The attorney general, Martha Coakley, announced the regulations in June. In a news release issued at the time, her office said its investigations had shown that stronger standards and consumer protections were needed. The regulations require all for-profit and occupational …


Crash Kills 4 Members of North Central Texas College Softball Team

[Updated, 9/28/2014, 9 p.m.]

Four members of the North Central Texas College women’s softball team were killed on Friday night when a tractor-trailer crossed the median and crashed into their bus on Interstate 35 in Oklahoma, according to reports by The Dallas Morning News and The Oklahoman.

The crash also injured a dozen other people on the bus, which was carrying the team home from a scrimmage against Southern Nazarene University, in Bethany, Okla.

The Oklahoma State Highway Patrol identified…


Ousted Band Director Sues Ohio State U. Over Firing

The former marching-band director at Ohio State University has sued the institution for firing him after an investigation found a “sexualized culture” in the band, The Columbus Dispatch reports.

The lawsuit asserts that the university violated Jonathan Waters’s due-process rights when it fired him, in July. It also says Mr. Waters was discriminated against because of his gender. Mr. Waters is seeking his job back and at least $1-million.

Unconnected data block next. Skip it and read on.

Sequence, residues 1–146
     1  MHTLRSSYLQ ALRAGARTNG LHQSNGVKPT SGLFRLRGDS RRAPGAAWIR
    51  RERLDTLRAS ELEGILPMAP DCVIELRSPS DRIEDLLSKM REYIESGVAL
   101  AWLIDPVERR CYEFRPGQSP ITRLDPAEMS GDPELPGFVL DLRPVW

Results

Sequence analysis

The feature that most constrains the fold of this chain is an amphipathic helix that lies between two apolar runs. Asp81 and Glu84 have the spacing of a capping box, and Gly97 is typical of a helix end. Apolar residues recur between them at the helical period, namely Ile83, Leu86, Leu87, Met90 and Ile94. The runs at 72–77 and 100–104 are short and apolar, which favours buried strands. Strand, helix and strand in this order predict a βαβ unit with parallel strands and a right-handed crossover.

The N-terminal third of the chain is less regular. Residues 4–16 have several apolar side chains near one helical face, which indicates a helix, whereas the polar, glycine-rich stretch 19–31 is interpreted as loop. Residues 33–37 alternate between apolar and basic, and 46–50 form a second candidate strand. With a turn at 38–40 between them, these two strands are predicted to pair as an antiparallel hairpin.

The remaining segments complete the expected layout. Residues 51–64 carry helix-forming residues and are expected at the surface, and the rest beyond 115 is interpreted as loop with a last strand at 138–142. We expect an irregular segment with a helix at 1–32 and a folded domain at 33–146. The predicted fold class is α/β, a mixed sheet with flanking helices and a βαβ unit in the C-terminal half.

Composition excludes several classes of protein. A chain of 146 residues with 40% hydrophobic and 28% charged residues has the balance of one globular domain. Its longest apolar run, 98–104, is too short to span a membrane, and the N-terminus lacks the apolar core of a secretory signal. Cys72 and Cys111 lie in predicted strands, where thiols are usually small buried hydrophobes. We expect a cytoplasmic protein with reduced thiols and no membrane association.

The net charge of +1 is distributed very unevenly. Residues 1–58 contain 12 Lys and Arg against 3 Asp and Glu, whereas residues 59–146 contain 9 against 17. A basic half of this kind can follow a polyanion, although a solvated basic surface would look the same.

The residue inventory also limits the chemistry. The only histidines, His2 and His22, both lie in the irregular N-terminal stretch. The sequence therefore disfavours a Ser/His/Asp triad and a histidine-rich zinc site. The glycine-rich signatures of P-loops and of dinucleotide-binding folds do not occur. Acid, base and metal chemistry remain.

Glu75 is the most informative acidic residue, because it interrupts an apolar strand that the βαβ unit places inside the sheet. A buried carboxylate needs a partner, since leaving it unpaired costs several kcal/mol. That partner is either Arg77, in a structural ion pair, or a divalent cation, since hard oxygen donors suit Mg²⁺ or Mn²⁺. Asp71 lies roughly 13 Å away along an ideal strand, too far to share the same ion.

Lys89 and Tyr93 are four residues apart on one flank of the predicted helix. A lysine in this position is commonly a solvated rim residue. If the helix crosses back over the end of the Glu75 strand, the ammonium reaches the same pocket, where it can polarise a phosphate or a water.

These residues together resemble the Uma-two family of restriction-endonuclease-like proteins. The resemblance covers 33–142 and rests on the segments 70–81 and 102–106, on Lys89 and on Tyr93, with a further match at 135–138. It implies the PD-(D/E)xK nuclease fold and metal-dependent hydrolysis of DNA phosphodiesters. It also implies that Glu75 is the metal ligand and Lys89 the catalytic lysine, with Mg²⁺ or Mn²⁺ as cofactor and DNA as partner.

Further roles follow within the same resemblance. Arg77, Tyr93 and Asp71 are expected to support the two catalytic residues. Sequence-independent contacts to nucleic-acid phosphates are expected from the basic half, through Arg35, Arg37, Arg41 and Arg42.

Alumni of the band have decried Mr. Waters’s firing, even …


NIH Prodding Makes Data Sharing More Common, Survey Finds

Report: “Codifying Collegiality: Recent Developments in Data Sharing Policy in the Life Sciences”

Authors: Genevieve Pham-Kanter, Darren E. Zinner, and Eric G. Campbell

Journal: PLoS ONE

Summary: The paper, based on a study conducted by researchers at Drexel, Brandeis, and Harvard Universities, represents an attempt to measure the effectiveness of policies instituted by funding agencies and journals to encourage the wider sharing of data by scientists.

The study consisted of a survey that was se…


Colgate Students End 100-Hour Sit-In After Agreement With Administration

After 100 hours, students at Colgate University have ended their sit-in at the New York college’s admissions office, saying they and the administration had agreed on a plan to combat intolerance on the campus, according to a news release on the university’s website.

The overarching student group, the Asso…


Creighton U. Pulls TV Ads, Citing Bad Student Reviews

Creighton University has withdrawn a series of television advertisements after a backlash from students and alumni. The ads feature actors playing the roles of real students who explain why they decided to attend the Jesuit institution in Nebraska. One of the “students,” a golfer, says something to the effect of “Why Creighton? Because someday I’ll be your boss,” reported KETV, an ABC affiliate in Omaha. The university cited students’ criticism in the decision to pull the ads.

Changes are on the way for how Creighton University recruits new students after campaign fails with current students and alumni. The pushback was so strong that the university’s marketing director decided Thursday to pull ads from TV slots. “I immediately was not a big fan,” said Creighton University alumnus Matt Novotny.